Letting the Journey Unfold: How Living in the Moment Can Reduce Anxiety

Letting the Journey Unfold: How Living in the Moment Can Reduce Anxiety | It's incredibly freeing to let go of what we can't control and deal with each moment as it comes. Here's how I put these ideas into practice one night when things weren't going as planned--and ended up having a spectacular time.

It’s rough being both a night owl and a morning person.

On one hand, I relish the peace and promise of the morning, and on the other hand, I crave the depth and darkness of the night. Both are times when my creativity soars and I can imagine that I have the world all to myself. (No offense to, like, other people and stuff. I’m just an introvert; being alone is my jam.) Honestly, the afternoon hours are the ones I dislike the most; if I could hit the fast-forward button from approximately 1 pm to 5 pm each day, I’d be totally set. Reading an engrossing novel until 2 or 3 am? Yes, please. Sipping coffee with the sunrise? Count me in. Anything at 3 pm? No, no, and no. I’ve found some ways to lessen the sting of this long, harrowing trek from lunch to dinner (such as drinking lots of water and tea or taking a quick yoga break), but it’s still by far the worst part of the day. Perhaps we Americans could take it a step further and jump on the siesta bandwagon? Is that a political issue we could all get behind? #adultnaptime2k16

Anyway, so here I am, running on a grand total of 4 hours and 15 minutes of sleep, actually enjoying an early-morning writing session before work. My eyes are a bit puffy, and my mind is a tad slow, but the stillness and solitude are totally worth it. The reason that I was out so late last night was that I attended a concert in Indianapolis with my mom and sisters–although it might be more accurate to say that we kind of attended a concert, or that we attempted to attend a concert. First, we arrived at the outdoor venue only to find that the show was being postponed indefinitely due to the severe thunderstorms in the forecast. Then, although there was hardly a drop of rain during the entire 2-hour delay, it started pouring once the concert finally began, and lightning struck in the distance. So we stayed for a bit and then headed out before the final act.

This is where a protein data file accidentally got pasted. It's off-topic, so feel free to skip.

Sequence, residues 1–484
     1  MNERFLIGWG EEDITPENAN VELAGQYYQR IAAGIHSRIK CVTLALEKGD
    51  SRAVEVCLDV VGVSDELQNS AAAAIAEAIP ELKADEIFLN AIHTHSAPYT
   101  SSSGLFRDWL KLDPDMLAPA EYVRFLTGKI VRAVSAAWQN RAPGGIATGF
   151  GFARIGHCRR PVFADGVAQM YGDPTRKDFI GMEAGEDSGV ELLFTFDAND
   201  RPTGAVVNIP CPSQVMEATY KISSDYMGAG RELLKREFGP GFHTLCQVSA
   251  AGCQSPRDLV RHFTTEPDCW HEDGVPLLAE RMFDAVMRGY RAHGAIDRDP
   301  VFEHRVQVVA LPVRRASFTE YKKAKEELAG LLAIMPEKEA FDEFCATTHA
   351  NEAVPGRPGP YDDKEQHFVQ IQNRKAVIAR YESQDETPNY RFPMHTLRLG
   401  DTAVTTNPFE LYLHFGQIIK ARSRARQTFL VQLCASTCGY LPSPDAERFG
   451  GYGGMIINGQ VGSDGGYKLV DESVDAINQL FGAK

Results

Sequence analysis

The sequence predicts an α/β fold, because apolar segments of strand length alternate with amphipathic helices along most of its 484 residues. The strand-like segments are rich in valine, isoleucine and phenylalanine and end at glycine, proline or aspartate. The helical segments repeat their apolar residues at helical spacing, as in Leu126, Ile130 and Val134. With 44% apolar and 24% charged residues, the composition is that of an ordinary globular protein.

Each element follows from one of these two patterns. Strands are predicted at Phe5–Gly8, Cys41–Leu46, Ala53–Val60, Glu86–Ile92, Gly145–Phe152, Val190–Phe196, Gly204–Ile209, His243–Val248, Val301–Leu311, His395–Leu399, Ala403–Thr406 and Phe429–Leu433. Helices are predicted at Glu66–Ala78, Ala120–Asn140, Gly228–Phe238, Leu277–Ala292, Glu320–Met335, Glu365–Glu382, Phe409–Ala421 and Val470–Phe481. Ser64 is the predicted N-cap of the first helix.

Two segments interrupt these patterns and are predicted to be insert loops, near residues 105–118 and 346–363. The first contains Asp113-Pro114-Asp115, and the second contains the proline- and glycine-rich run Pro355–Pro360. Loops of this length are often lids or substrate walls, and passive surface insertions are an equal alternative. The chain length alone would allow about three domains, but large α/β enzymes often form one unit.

But despite everything, I had a truly wonderful time, and I don’t think the enjoyable experience was an accident, either. I consciously tried to avoid my knee-jerk response of worry, regret, and negativity and react in a more positive and productive manner. Instead of panicking about how late the show would start or whether we would get caught in a bad storm on the drive home, instead of beating myself up for not monitoring the weather more closely or calling the venue ahead of time, instead of mourning the loss of the money we spent on the tickets or the time we spent waiting, I tried, as my therapist would say, to “let the journey unfold.”

Although this mantra sounds like one of those cheesy phrases you might find printed on the inside of a Dove chocolate wrapper, it’s also one of the hardest things anyone has ever challenged me to do. I don’t want things to happen to me–I want to happen to things! I don’t want to go with the flow–I want to be the force driving the current! I don’t want to “let the journey unfold”–I want to make checklists and itineraries and read reviews on TripAdvisor first!

But when we arrived at the venue and were informed of the delay, I saw disappointment creep across the faces of my two younger sisters and realized that I would play an important role in determining how the rest of the night would go. I could react how I normally did and plant the seeds of worry and negativity in those around me, or I could try to relax and look on the bright side and hope that ease and gratitude would flourish instead. Wanting to choose the latter, I smiled at them and said, “Well, there’s not really much we can do to change the situation. We’ll simply have to let the journey unfold.” I said this with a hint of sarcasm, poking fun at my own propensity to whip out the cheesy mantra at every opportunity. But I also said it as a serious reminder to myself to let go of things I can’t control (like the weather) and focus my energy on the here and now, come what may.

And you know what? It wasn’t all rainbows and butterflies–we saw about an hour total of the show, missed the main headliner, paid twice as much as we were expecting for parking, and may have ruined a few pairs of shoes–but as I mentioned earlier, we had a darn good time overall. While we waited, we munched on the snacks we had packed, played the Head’s Up app on my sister’s phone, and generally distracted ourselves with talk and goofiness. And once the show finally started, we sang and danced and let the rain soak us through and smear our make-up and ruin our hairdos. It turns out that the great thing about living in the moment is that, bad or good, comfortable or uncomfortable, you only have the that moment to be concerned about. You don’t have to re-live all the ugly things that happened in the past or anticipate all the potential disasters that could arise in the future. You can focus on appreciating the joys and dealing with the troubles of the present–and the present only. Letting the journey unfold can be scary and unnatural at first, but it can also be incredibly rewarding and freeing.

So there you have it: morning reflections on late-night adventures. I’ve got to leave for work now, but who knows? Maybe if I take things one moment at a time, even 3 pm today won’t be so bad. 🙂

 

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